5 Tips for Local Business Blogging Success
One of the areas where I’m noticing more blogging activity is with local businesses.
More local businesses are using their own websites and blogs to connect with a targeted audience of individuals that live within driving or walking distance of their location. Blogs are serving as a way for small, local business owners to provide insight, answer questions, and generally interact with their customers.
When put together, all of this blogging activity seems to spur more discovery for the local businesses along with a more involved overall customer experience. Blogging is part of an overall customer optimization strategy where businesses look to provide the best products, experience, and service for their optimal customer.
Here are five tips for effective local business blogging success.
Local Blogging Success Tips
There can certainly be more tips. Please add your thoughts in the comments.
1. Define Your Customer
Define your customer. It makes writing so much easier. You’ll be focused on exactly what your specific customer is looking for from your blog.
2. Focus on Discovery
There will be a few aspects of your local business blog:
- Customer satisfaction
- Customer relationship
All are important, but when starting I’d focus mostly on discovery. Focus on the things that lead to new customers discovering your business and current customers discovering new products and services. For example, a new post on a new baked good your bakery is offering. Write about the entire process that went into creating the new item. Showcase with photos. People will love it.
3. Encourage In-Person Action
Local business blogging is really about generating interest and discovery. Be sure that calls to action get people to visit your location. You want people to not just look, but to visit you in person. That’s where you can really hook them as customers. Try something as simple as asking them to mention you by name when they visit.
4. Ask for Feedback
Social media is great for customer service. Ask for feedback with blog posts. Then, actually take into account what is being said and show that you’re working to improve the business. People respond when you respond.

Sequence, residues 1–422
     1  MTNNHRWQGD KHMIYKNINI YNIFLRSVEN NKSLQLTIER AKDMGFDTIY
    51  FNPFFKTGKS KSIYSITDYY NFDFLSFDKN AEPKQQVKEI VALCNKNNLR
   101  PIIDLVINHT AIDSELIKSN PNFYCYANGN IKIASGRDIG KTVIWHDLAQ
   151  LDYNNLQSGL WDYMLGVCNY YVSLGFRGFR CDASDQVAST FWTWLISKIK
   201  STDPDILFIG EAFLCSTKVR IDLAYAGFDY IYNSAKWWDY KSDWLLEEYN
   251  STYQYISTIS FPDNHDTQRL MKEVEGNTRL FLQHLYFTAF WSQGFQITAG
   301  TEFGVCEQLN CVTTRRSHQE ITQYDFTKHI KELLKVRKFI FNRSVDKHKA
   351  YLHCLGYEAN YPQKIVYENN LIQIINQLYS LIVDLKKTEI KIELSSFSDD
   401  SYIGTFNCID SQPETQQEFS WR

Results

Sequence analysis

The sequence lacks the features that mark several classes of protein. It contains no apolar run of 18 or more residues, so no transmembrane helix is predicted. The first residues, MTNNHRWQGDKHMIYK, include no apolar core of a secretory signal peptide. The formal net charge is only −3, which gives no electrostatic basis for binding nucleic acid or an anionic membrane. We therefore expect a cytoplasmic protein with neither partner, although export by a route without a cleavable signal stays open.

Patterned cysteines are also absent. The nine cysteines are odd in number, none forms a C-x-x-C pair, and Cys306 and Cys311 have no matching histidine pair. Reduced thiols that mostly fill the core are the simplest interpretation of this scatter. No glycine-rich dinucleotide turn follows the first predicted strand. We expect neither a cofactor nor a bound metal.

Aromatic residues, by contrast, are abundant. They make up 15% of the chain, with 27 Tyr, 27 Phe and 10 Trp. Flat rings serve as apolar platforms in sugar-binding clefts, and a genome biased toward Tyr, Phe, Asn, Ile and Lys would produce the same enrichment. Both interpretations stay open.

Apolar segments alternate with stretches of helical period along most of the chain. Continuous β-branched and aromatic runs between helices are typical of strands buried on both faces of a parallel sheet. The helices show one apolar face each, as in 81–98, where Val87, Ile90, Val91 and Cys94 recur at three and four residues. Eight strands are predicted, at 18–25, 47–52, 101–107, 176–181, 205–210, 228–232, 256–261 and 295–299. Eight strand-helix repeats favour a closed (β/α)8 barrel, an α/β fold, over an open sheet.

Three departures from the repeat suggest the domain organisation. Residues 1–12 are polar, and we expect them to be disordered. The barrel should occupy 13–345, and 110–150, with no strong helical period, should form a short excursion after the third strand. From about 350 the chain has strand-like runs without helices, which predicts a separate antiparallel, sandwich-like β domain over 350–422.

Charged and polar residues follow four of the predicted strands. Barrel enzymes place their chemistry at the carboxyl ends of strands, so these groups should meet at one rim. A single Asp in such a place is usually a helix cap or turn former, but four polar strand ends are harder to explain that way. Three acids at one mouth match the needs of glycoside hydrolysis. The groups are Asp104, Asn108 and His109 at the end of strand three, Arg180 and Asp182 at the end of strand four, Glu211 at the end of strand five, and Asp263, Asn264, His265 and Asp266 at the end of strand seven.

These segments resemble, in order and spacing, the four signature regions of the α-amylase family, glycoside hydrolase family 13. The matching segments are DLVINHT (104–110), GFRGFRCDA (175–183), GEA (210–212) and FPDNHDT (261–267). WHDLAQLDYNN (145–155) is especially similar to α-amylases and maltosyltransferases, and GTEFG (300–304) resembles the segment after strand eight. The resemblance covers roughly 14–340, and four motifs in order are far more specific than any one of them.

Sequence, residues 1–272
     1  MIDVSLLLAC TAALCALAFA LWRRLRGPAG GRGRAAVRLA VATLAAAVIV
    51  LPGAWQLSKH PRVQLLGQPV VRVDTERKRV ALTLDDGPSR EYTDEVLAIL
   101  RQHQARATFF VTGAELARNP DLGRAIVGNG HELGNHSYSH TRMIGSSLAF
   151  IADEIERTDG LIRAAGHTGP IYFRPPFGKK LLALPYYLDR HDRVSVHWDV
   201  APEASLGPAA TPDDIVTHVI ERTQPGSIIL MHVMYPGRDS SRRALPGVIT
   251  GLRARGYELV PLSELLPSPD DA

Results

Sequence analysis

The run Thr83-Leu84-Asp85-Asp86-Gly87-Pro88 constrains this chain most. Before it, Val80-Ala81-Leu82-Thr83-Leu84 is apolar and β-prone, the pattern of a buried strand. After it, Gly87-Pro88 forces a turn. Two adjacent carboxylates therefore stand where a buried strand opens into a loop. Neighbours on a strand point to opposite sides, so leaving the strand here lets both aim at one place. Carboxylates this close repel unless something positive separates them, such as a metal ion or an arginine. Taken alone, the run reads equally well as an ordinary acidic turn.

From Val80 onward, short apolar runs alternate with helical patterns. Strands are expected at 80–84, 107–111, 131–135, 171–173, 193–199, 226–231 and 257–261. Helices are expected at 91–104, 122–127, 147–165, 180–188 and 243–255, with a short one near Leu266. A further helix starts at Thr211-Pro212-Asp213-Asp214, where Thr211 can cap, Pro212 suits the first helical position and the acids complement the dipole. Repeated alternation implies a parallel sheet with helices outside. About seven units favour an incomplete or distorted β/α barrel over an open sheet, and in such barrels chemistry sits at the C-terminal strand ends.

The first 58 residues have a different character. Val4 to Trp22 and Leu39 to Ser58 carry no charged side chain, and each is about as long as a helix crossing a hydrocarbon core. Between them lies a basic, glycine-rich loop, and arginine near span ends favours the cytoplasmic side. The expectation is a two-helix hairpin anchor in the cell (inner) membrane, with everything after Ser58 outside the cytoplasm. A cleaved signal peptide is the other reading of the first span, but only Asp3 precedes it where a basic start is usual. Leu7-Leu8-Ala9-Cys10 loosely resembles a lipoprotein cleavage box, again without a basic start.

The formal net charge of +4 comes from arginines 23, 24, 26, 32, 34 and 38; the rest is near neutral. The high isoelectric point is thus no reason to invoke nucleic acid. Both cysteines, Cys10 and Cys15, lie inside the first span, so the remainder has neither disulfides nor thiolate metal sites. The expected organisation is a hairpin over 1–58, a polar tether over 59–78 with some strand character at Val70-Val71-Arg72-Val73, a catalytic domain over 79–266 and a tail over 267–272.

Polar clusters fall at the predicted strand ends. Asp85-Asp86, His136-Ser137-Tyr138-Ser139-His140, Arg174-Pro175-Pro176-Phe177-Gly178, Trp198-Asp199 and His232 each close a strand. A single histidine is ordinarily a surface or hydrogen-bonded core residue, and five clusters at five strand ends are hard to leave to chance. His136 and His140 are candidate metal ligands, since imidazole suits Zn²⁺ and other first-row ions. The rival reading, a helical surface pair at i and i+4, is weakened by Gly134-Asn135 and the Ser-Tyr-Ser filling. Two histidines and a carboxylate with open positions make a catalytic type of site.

5. Spend 10% of Blogging Efforts on Expanded Audiences
I think this is important. A blog can be global. It can take your business to new markets. Sure, you won’t bring in tons of outsiders, but a few might make it a point to visit your site if they’re in your area. That’s a big accomplishment to have someone make it an agenda item to visit your location. A blog can be a way to generate that interest.
I think the last point is one of my favorites. There seems to be opportunity for small businesses to attract people from outside their general local area. These are folks that discover your company through your blog, a friend, or perhaps someone that links to your website. These folks might not live in the same city, county, or even state. Yet they might find time in the travel schedules to stop and try your delicious ice cream or to have one of your signature coffees.
Blogging is a great way for new people to discover your local business. Don’t lose out on this opportunity.
Final, Final Thoughts
One more thing.
The most common excuse for not blogging I hear is:
I don’t have time to blog.
Ok. I understand. I especially understand for small, local business owners that pretty much run the show on their own. Blogging is a lot of work and it can be costly in terms of time and money.
The best suggestion I can offer is to put aside 1 hour each day to blog. Now, you have to commit to the benefits of blogging (new customers, improved customer optimization, and profit) otherwise this won’t work. You won’t commit unless you really commit.
With that 1 hour each day, research, write and format blog posts. Take photos. Write interesting posts. Share them with your social channels. Commit to this for six months.
After that six month period you can assess the results and either continue or quit.